The future management of Rocky Mountain juniper as a forest type, of which only about 22 percent is in national forests, is unclear; furthermore, present conditions for management are not well known. As an associate of the pinyon-juniper type, the species is recommended for 200-year-rotation management and both even- and uneven-aged silvicultural systems can be applied. In the past, harvesting varied from light-cutting and high-grading to excessive overcutting; in recent years pinyon-juniper has been removed from large areas by chaining to increase forage for livestock. Except in limited areas in rather inaccessible places, few so-called virgin stands remain (1,10,30).
Rooting Habit- Rocky Mountain juniper is considered to have a shallow but fairly extensive lateral root system, particularly where trees are growing over cemented subsoils or in rocky areas that limit depth of root penetration. The species develops a deeper root system along bottom lands with deeper soils. In the nursery, undercutting of third-year seedlings stimulates strong lateral root development (18).
Reaction to Competition- Rocky Mountain juniper normally is a component of long-term seral or near-climax vegetation. It is relatively shade-tolerant during the seedling and sapling stages, but it later becomes more intolerant and is unable to endure as much shade as eastern redcedar-its eastern counterpart. Rocky Mountain juniper requires top light for height growth and crown development, and trunk branches die out when it develops in overly dense, pure stands or under deep shade of other tree species. In the northern Rocky Mountains, it is considered less tolerant of shade than ponderosa pine, limber pine, or lodgepole pine but is reported to endure considerable shade from broadleaf trees in protected canyons and sheltered sites on the Pacific coast (26,42). Overall, it is most accurately classed as a very shade-intolerant species.
In Utah, junipers have been observed to invade sagebrush stands under certain conditions; pinyon generally follows and has a tendency to replace the juniper. Pinyon-juniper may encroach into grasslands that have been overused or disturbed in some manner, as juniper germination and establishment are favored by mineral soil. Rocky Mountain juniper also has allelopathic properties that can inhibit establishment of competing grasses, forbs, and shrubs. Herbicides can be used to kill individual trees, to keep chained areas from revegetating, and to restore recently invaded grasslands. However, Rocky Mountain juniper and one-seed juniper are the most difficult of the juniper species to kill (17,24,26,28,42).
Controlled burning to reduce competition from juniper species has had varied results. Insufficient ground-fuel and wide topographical and meteorological variables make it difficult to use fire throughout the entire range of Rocky Mountain juniper. Generally, fire has been more successful in the southern areas of the species' range (48).
Once established, Rocky Mountain juniper competes well with understory vegetation for water and minerals. In a shelterbelt study, its height growth exceeded Siberian pea shrub, green ash, boxelder, or American elm when competing with undisturbed sod-forming grasses. Removal of the sod did increase juniper growth, but not significantly (34).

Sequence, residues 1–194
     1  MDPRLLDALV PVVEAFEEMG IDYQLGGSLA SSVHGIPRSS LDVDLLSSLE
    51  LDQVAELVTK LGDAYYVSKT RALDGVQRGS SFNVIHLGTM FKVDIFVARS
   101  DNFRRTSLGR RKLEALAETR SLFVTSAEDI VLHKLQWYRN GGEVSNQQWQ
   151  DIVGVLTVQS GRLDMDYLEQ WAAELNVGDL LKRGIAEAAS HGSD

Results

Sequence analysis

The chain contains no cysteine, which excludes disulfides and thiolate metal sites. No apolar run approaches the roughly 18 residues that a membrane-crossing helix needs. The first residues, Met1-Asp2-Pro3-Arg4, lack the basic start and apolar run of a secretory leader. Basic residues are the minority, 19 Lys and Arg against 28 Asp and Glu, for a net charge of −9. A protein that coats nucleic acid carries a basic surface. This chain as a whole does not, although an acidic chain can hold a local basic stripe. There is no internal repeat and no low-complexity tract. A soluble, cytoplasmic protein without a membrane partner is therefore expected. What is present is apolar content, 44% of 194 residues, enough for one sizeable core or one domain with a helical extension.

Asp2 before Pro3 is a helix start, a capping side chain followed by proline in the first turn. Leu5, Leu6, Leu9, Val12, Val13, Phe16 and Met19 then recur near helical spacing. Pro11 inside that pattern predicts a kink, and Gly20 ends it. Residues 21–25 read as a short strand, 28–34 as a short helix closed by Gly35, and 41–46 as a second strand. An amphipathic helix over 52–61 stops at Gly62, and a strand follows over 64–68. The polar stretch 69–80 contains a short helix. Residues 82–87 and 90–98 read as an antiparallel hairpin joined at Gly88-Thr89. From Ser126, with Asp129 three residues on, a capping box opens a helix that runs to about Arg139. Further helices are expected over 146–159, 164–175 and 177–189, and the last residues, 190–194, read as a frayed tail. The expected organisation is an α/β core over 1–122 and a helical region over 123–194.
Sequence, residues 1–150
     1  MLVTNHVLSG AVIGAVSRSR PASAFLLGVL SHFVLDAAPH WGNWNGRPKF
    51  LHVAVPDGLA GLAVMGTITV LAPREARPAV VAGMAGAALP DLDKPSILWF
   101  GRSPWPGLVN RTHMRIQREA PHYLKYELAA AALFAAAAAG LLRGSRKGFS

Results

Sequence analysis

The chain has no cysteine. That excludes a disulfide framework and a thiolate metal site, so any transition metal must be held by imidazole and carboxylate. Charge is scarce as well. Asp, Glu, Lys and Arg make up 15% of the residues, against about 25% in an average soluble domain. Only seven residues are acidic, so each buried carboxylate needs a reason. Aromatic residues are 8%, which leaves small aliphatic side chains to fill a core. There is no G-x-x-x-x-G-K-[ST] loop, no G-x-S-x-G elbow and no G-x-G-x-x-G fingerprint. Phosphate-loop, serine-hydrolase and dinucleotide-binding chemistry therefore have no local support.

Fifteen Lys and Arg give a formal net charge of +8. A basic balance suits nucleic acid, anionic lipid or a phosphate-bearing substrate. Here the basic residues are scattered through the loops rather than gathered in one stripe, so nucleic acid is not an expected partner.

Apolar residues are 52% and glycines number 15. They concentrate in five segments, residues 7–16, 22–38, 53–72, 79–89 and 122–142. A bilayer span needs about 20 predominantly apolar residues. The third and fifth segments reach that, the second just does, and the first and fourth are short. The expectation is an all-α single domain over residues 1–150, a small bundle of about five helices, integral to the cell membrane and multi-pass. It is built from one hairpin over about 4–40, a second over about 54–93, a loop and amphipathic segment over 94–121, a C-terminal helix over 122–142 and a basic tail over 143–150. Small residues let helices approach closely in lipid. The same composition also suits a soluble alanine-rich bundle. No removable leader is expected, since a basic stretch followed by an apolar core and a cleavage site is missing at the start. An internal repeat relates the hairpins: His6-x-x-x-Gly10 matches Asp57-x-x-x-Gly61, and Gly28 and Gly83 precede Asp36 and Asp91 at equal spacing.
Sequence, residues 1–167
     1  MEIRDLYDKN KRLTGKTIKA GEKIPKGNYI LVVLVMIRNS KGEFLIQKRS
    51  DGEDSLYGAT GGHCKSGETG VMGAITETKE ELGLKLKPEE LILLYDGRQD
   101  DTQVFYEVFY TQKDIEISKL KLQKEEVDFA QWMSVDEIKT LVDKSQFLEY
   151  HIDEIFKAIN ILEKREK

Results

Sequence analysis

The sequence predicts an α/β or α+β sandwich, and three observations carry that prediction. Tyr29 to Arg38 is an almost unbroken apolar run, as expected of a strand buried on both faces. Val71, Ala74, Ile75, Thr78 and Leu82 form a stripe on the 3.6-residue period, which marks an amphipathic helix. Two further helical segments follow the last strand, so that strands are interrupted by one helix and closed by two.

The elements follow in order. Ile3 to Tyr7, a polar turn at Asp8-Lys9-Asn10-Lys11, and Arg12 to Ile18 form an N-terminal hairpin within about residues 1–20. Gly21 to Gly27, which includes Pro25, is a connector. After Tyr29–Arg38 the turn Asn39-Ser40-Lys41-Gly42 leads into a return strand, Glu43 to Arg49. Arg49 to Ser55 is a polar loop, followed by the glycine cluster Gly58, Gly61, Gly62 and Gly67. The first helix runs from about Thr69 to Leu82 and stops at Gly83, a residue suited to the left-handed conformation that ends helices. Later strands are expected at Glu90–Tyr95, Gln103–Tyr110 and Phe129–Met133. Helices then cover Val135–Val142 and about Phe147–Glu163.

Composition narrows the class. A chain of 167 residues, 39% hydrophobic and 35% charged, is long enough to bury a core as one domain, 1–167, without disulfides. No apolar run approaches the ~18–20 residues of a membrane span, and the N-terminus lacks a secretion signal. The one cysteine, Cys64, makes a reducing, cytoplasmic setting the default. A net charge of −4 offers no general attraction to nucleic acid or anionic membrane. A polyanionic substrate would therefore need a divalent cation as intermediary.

Apparently no silvicultural guidelines or cutting methods have been developed for Rocky Mountain juniper. Its shade tolerance when young would tend to rule out the clearcut method. Development of shade intolerance with maturity might suggest a three- or four-step shelterwood system, should a need develop to grow and harvest Rocky Mountain juniper in pure stands.
Damaging Agents- Rocky Mountain juniper is susceptible to loss from erosion simply because it often becomes established on exposed sites where soils are readily eroded. Overuse of ranges by livestock, bison (in North and South Dakota), and occasionally deer can accelerate the erosion process.
Because animals use the trees as "rubbing posts," they cause considerable physical damage to stems and roots, including wounds that may admit pathogens. In addition, they browse the foliage when range conditions are poor and animal concentrations are high. This browsing, called "high-lining," reduces crown size, ultimately affecting growth and vigor.
Rocky Mountain juniper is attacked by a complex of arachnids, insects, and nematodes (11,37). Two species of spider mites (Oligonychus ununguis and Eurytetranychus admes) feed on foliage and occasionally develop epidemic populations. Two species of juniper berry mites (Trisetacus quadrisetus and T. neoquadrisetus) that destroy the fruits have been reported in British Columbia and Oregon (35). A small red false spider mite (Pentamerismus erythreus), sometimes called red spider, is not rated as a forest pest but can be a serious problem in shelterbelts and landscape plantings.
Rocky Mountain juniper is host to several species of Coleoptera (true insects), Lepidoptera (butterflies and moths), Diptera (flies and midges), and Psyllids (jumping plant lice) that damage the roots, bole, twigs, foliage, and berries.
A nematode, Pratylenchus penetrans, has injured Rocky Mountain juniper seedlings by causing root lesions. The damage has been reported only in the nursery, where populations of the nematode have reached high levels (13).
A broad range of diseases associated with Rocky Mountain juniper attack the roots, stems, and foliage; but the most serious disease probably is a blight caused by Cercospora sequoiae. Some shelterbelts in the Great Plains have lost most of their junipers from this disease. Rocky Mountain juniper is also an alternate host for a cedar-apple rust (Gymnosporangium juniperi-virginianae) which can be a serious problem in the apple industry. The most conspicuous stem diseases are rusts caused by Gymnosporangium spp. and by mistletoes (Phoradendron spp.). These infestations generally are noted by the formation of twig excrescences, woody galls, and witches' brooms (13,19).